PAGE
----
My mother, a dark skinned and attractive woman, was born in Santurce, Puerto Rico; my White father was born in Caracas, Venezuela. I was born in 1945 at Columbia Presbyterian Hospital in New York City. Though I was the middle child of the first set of three, I was delegated enormous responsibility and taught to be my siblings' protector because I was the oldest boy. We lived in a three-bedroom apartment on Manhattan's Upper West Side, near the Juilliard School and the City College of New York.
My mother was aware before the creation of Puerto Rico as a Commonwealth, 1950—52, how this nation's focus on the accumulation of wealth created a country that demanded patriotism, exalted capitalism, but too oft en could not accommodate morality. She believed in God more than the US government. And in spite of the negativity toward Latinos, my parents quickly learned to navigate New York.
Contrary to the trend, it was my parents' decision to live among a community that looked and spoke like them. As children and young adults we were never told to dance around the raindrops to avoid the discrimination. If we did not succeed, it was our fault. Whether this was a form of denial or a strategy, we were not allowed to feel victimized. Ironically, my desire to be viewed differently from the Latino stereotype translated into showing support for White television family programming at my expense as well as all other communities of color. Not until my early twenties did start recognizing that by avoiding all commonalties—including the biological blood relationships—between our community and the Black community I was contributing to this nation's legacy of racism.
In 1951, pre—Brown v. Board of Education era, my parents pulled meout of first grade in apublic school because if I arrived late I would beasked to leave building. Unable to catch up to my parents' departingcar I would walk around Harlem for the day.
In parochial schools I learned God loved me; I had a lot to be thankful for and I shouldn't expect more. White kids were privy to the expectation they would make great doctors or lawyers some day...
My residence in a Latino neighborhood while attending Corpus Christi meant a physically demanding walk against strong winds hitting my small and skinny body. Occasionally, my brother, Carlos, and I shared a monthly bus pass tucked in a heavy plastic case. Carlos would get on the bus first and throw the pass out the window for me to take the next bus home. When it got too cold I would walk through the Julliard School of Music, get warm, and ask myself why no one looked like my musically gifted mother. When the weather was sunny and I did not feel like going home, I would walk a few blocks south on Broadway and watch the students play tennis at Barnard College, across the street from historically White Columbia. I wondered why they all looked like the students at Julliard.
In contrast to the public school teachers, who tended to ignore my presence, the nuns were constantly in my face. My parents viewed nuns and priests as the highest authorities. Knowing this prevented me from telling them that I was oft en asked to sit in the back, forced to write with my right hand though I was left handed, and, worst of all, constantly reminded that the holidays were for the White and Irish Catholic communities. I eventually gave up writing with my right hand and compromised by imitating the manner in which the right-handed students angled the paper.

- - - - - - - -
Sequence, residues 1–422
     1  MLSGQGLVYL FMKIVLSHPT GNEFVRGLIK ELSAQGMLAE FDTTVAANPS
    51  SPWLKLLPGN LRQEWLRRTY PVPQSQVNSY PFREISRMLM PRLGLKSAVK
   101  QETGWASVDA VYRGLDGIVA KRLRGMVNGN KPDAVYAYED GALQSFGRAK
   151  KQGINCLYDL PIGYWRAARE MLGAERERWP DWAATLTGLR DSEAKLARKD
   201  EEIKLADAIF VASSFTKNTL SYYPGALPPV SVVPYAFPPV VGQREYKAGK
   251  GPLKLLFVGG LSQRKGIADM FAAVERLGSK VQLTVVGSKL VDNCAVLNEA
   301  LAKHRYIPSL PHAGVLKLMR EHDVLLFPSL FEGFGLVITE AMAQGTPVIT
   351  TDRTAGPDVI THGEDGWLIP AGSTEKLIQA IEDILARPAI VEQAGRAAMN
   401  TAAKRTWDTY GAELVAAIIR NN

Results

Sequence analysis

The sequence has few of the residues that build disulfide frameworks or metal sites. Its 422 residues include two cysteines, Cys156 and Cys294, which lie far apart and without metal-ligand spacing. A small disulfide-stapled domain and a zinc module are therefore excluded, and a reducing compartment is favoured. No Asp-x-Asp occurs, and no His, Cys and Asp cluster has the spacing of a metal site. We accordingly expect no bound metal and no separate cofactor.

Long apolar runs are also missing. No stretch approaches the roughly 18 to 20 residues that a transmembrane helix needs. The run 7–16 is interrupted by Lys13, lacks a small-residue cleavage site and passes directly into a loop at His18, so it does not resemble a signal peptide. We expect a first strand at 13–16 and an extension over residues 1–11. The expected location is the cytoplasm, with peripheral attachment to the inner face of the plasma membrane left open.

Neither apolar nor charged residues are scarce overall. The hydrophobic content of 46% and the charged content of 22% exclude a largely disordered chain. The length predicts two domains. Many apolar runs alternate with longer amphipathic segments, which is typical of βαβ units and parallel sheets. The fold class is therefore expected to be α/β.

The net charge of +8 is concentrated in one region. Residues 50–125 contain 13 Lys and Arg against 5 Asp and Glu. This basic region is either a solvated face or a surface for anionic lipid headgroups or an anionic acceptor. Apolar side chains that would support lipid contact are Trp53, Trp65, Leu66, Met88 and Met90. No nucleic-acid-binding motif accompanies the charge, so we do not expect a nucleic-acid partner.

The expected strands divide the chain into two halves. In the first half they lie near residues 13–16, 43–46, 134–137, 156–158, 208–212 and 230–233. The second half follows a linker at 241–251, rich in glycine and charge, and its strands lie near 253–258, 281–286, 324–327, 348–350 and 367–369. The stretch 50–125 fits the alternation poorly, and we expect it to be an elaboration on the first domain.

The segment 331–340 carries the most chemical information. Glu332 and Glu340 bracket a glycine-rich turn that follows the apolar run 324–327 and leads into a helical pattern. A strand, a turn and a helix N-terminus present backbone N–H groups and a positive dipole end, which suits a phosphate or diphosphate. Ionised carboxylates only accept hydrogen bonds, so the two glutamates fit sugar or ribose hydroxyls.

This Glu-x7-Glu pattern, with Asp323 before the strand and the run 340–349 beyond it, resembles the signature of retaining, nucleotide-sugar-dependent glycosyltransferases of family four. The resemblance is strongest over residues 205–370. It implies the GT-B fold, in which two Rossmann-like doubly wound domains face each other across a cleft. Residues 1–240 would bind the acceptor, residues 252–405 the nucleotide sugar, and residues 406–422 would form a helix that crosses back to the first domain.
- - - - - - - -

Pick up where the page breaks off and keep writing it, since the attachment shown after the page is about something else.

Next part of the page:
During my years in elementary school, doctoral students of the historically White Columbia University and Teachers College would often ask my mother if my brother and I would submit to timed psychological tests. These tests utilized, among other things, blocks, puzzles, different shapes of paper, number sequence computations, and multiple choice questions. My mother always complied. I never understood how they knew about me, but it did not matter. I worked my hardest to succeed. I was more curious than they were about my intellect, aptitude, and motivation. I often attempted to interpret the examiner's face. If I read an expression of disappointment any sign of negativity, I asked if I could take the test over. My determination did not improve the test scores. I was defined evaluators as tenacious and unusually serious. I never knew they meant by "unusually serious," but a lot of people said about me. I was also defined as a disturbance in second grade and oft en sent to the principal's office to sit for long periods of time. I possibly should not have been surprised when I was required to repeat second grade. It was then when I built an intimate friendship with Tommy Mulligan, known simply as Mulligan—an Irish Catholic who lived with his grandmother.
It was not until the third grade that I felt any sort of educational support. A Maryknoll nun stepped into my life. Sister Bernadette, having recently arrived after serving many years in Africa, would put her arm around my shoulders, and I could feel that she "liked" me. My achievement soared, and I was never late for class. I lost contact with my Maryknoll relationship in the fourth grade, which may account for the decline in my academic performance. However, two notable experiences occurred. My walk to Corpus Christi was shortened as we moved closer to my grandmother on West 125th Street, and I was now living within a community of White Catholics and Orthodox Jews. This move allowed me to hang out with Mulligan. Together, and through most of elementary school, we enjoyed the ease of earning money by carrying packages for the elderly from local supermarkets and packing the food away for them, or collecting bottles from Harlem construction sites for the five cent deposit. This economic and service mindset would serve us well for years to come.